During ancient times there was a realization that many of the words that were used in the Veda were becoming difficult to understand. The Nighaṇṭu was a response to that and is a very ancient collection of Vedic words whose meanings were already obscure by that time.
But the Nighaṇṭu is only a collection. Part of the collection is in the form of groups of synonyms, so it is possible to infer the meanings of the words. However other parts of the Nighaṇṭu are just lists of words. Some of these words (about a quarter of them) have been explained in the Nirukta of Yāska which is a commentary on the Nighaṇṭu.
A brief introduction to the Nighaṇṭu can be found here. You can also browse through the collection – it is still in the making, though. Chapters 1 and 5 are complete and the others will be done soon. But even a cursory browsing through the collection will reveal interesting things.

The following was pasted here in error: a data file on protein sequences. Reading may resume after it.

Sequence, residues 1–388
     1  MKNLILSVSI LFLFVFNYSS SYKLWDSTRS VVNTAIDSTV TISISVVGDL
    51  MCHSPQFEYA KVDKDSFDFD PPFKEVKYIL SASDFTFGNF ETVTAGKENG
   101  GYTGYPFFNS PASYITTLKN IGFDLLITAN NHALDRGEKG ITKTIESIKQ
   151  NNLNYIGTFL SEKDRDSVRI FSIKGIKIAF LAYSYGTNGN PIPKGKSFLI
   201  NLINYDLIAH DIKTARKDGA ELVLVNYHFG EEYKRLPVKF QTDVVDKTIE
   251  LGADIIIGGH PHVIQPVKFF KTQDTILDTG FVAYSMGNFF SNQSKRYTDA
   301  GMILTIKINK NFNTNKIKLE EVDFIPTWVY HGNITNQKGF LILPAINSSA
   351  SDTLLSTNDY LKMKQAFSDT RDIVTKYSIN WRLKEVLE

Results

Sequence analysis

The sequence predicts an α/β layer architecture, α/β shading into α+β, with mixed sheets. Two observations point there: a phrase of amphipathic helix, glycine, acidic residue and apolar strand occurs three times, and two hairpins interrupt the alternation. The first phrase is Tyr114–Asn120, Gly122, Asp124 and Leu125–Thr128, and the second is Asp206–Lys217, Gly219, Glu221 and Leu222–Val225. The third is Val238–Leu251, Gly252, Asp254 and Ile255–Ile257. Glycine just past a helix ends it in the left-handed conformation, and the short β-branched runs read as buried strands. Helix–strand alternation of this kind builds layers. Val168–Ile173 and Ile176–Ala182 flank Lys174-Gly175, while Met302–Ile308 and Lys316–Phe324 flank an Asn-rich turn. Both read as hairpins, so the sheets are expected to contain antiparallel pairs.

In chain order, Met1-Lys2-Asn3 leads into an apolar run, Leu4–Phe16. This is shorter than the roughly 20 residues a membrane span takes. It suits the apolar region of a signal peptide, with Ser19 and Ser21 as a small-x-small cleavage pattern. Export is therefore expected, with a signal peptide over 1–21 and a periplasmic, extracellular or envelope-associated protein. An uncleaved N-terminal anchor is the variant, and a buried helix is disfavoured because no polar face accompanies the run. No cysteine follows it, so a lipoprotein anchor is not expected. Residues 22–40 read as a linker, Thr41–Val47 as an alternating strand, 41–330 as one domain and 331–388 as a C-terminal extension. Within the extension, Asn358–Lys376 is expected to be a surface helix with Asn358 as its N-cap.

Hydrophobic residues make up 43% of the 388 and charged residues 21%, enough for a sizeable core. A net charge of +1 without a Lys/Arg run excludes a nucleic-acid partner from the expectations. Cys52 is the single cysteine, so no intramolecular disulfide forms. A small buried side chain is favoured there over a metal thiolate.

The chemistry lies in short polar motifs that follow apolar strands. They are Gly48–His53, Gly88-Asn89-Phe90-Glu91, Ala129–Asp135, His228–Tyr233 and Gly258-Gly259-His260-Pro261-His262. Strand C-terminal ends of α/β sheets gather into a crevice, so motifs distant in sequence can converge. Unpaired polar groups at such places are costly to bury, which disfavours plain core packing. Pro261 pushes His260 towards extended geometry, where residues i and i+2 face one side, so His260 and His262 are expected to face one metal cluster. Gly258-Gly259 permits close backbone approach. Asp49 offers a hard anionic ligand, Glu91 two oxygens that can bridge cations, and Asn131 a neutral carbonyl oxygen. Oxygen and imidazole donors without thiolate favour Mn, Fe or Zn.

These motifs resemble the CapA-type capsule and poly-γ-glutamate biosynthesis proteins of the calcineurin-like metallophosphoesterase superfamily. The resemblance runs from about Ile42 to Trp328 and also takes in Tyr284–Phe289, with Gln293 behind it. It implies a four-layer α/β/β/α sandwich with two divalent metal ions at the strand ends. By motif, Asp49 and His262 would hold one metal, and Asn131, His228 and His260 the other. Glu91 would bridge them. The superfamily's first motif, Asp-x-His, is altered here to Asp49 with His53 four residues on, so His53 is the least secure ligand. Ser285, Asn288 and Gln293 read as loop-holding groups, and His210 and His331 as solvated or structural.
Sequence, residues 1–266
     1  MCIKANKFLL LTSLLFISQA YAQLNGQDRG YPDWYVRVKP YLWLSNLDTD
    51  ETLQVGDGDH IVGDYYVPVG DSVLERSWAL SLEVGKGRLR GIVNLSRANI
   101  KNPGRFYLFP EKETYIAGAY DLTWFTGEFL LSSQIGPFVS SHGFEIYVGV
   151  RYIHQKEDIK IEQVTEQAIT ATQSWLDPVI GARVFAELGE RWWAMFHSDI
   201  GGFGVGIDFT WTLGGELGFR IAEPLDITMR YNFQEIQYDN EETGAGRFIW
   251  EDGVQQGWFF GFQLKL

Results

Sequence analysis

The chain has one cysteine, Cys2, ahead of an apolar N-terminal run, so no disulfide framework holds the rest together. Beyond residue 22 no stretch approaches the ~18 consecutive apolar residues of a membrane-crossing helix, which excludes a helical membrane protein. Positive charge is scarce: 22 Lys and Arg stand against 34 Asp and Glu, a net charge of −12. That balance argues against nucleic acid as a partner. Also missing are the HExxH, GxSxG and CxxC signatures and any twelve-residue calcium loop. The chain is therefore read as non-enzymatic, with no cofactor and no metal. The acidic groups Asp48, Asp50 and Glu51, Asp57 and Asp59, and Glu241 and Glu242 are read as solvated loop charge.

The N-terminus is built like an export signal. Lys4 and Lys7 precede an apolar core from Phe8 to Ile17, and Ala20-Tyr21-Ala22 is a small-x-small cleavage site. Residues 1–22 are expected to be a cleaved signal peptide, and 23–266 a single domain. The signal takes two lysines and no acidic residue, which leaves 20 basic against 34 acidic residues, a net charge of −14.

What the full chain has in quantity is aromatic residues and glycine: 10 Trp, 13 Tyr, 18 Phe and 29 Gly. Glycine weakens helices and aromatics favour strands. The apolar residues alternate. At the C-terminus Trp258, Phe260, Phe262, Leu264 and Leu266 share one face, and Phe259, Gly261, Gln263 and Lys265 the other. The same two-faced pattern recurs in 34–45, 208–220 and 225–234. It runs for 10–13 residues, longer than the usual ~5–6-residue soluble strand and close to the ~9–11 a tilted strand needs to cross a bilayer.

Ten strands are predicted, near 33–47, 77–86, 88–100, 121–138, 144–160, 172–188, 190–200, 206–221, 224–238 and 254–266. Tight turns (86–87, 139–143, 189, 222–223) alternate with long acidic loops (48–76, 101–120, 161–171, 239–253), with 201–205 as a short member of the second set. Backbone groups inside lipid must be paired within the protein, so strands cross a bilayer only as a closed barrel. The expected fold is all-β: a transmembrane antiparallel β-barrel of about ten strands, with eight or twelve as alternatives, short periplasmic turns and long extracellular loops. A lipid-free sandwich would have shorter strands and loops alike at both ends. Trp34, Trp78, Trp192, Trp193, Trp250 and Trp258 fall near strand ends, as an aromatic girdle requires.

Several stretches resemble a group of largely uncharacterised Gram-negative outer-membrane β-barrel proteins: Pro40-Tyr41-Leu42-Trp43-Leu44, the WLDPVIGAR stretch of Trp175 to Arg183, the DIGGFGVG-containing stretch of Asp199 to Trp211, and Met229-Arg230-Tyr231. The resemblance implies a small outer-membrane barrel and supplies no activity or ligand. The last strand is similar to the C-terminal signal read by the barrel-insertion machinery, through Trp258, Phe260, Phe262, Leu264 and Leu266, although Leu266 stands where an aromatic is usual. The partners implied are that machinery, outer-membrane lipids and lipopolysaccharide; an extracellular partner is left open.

A good example is the much misunderstood and misinterpreted word गो (declined गौ , गावौ , गावः). Nowadays the word generally means a member of the bovine species (cow or bull); however in the Veda it has several other meanings. You will find it listed among the synonyms of Earth (Nighaṇṭu 1.1), Ray of light (Nighaṇṭu 1.4), and Speech (Nighaṇṭu 1.11) which goes to show that the meaning has to be interpreted depending on the context.
An interesting example is the word शची listed in Nighaṇṭu 2.1 among names for कर्म (action, deed). In the Veda, Indra is often referred to as शचीपतिः – lord of (mighty) deeds. But because of the word पति (which also means “husband”) in this compound, later mythology invented a wife for him by the name of शची !